KABUL: The Taliban in a decree banned forced marriages of girls in Afghanistan, saying women should neither be married off without consent nor be considered a property.
This is as international community is pressuring Taliban government to extend women’s rights around work and education.
The decree was announced on Friday by the reclusive Taliban chief, Hibatullah Akhunzada – who is believed to be in the southern city of Kandahar. “Both women and men should be equal,” said the decree, adding that “no one can force women to marry by coercion or pressure”.
The decree did not mention a minimum age for marriage, which previously was set at 16 years old.
The decree also said a widow will now be allowed to re-marry 17 weeks after her husband’s death, choosing her new husband freely.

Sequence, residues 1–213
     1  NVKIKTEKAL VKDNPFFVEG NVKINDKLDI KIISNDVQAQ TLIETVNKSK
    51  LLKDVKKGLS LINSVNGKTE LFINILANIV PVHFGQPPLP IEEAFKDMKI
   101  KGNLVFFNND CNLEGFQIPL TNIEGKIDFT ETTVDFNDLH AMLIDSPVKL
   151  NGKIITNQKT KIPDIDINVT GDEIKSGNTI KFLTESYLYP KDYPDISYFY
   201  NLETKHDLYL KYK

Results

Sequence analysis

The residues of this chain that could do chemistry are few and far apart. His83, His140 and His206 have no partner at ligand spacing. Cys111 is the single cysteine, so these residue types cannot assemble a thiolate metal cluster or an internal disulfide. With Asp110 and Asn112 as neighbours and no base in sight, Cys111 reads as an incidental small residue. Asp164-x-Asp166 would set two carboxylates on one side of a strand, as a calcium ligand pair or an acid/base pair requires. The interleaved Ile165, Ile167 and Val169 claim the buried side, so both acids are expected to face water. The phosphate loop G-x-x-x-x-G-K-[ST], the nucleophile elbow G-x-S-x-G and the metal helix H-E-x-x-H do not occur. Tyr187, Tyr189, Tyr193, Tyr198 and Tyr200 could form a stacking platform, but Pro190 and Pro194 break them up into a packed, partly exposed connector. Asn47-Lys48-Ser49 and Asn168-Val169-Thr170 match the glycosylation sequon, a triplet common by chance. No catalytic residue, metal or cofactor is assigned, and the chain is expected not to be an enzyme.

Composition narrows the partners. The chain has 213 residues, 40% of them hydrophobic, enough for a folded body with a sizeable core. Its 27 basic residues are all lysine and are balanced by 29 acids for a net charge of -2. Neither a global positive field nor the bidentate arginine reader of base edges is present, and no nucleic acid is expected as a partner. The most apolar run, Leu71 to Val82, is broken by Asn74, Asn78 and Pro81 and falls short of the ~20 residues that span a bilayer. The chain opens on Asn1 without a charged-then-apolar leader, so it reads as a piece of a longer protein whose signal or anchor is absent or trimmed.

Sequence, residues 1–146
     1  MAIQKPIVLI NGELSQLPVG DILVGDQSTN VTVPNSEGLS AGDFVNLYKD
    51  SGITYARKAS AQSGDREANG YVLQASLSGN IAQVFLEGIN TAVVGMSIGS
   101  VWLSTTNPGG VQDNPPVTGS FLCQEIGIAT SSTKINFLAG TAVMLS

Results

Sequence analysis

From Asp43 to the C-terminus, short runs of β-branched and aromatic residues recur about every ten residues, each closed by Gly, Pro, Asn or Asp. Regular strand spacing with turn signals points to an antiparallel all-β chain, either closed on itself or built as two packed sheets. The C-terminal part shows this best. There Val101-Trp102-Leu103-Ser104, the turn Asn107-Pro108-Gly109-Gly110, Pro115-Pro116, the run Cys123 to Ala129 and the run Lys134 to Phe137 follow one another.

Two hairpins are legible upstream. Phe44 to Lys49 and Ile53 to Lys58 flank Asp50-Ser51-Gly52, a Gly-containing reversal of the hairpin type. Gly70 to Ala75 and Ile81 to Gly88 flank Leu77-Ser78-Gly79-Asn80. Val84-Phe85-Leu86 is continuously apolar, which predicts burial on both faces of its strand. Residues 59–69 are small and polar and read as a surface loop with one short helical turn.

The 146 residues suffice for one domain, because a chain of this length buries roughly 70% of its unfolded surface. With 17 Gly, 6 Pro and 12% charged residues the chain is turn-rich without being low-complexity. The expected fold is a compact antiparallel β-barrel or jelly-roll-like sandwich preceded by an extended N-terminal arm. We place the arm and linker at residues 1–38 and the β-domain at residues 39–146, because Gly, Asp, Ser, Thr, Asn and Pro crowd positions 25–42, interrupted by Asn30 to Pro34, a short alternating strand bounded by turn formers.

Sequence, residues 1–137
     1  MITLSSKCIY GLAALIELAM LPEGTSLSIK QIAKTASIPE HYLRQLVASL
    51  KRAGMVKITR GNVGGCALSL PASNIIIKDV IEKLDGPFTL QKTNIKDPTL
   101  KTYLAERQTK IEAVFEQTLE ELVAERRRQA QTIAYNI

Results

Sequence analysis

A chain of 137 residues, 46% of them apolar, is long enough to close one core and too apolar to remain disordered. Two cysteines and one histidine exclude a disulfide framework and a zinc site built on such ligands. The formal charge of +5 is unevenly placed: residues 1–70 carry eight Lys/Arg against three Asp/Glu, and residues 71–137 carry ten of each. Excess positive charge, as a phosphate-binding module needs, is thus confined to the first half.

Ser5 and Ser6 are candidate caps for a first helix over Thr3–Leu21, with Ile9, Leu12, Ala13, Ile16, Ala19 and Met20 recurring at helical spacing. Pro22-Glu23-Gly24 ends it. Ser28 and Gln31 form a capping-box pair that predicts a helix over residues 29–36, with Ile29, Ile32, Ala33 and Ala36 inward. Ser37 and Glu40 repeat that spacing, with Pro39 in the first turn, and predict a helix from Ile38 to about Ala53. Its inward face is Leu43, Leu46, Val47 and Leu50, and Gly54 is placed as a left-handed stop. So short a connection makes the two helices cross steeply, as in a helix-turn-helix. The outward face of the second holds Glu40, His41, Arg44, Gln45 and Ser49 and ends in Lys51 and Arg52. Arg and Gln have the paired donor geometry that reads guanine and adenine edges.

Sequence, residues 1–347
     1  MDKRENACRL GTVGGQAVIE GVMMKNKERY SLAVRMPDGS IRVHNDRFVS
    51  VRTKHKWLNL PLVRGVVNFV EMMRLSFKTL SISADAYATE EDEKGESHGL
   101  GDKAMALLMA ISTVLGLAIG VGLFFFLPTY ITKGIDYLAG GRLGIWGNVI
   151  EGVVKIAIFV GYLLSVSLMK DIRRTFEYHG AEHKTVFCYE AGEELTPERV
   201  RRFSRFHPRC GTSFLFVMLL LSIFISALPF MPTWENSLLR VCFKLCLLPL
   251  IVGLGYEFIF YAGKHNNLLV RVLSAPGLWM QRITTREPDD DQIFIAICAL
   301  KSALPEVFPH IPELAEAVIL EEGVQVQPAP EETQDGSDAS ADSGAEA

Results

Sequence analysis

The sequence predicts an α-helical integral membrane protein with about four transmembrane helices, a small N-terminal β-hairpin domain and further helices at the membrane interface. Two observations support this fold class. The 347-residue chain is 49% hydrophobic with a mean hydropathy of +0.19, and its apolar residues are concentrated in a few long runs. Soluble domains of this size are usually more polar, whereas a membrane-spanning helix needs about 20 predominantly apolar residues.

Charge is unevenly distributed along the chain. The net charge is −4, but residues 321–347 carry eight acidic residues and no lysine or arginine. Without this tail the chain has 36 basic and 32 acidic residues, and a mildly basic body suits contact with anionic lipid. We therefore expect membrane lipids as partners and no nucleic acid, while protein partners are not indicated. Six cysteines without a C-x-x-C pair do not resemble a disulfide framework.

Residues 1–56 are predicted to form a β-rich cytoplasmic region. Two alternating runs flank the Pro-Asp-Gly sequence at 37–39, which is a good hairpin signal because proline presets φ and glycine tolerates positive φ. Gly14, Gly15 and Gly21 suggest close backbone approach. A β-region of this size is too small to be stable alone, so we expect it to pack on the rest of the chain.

Longstanding tribal traditions have held it customary for a widow to marry one of her husband’s brothers or relatives in the event of his death.
The Taliban leadership says it has ordered Afghan courts to treat women fairly, especially widows seeking inheritance as next of kin. The group, which came to power in August, also said it had asked government ministers to spread awareness about women’s rights across the population.
The development was hailed as a significant step forward by two leading Afghan women, but questions remained about whether the group would extend women’s rights around work and education.
“This is big, this is huge … if it is done as it is supposed to be, this is the first time they have come up with a decree like this,” said Mahbouba Seraj, executive director of the Afghan Women’s Skills Development Center speaking from Kabul on a Reuters Next conference panel on Friday.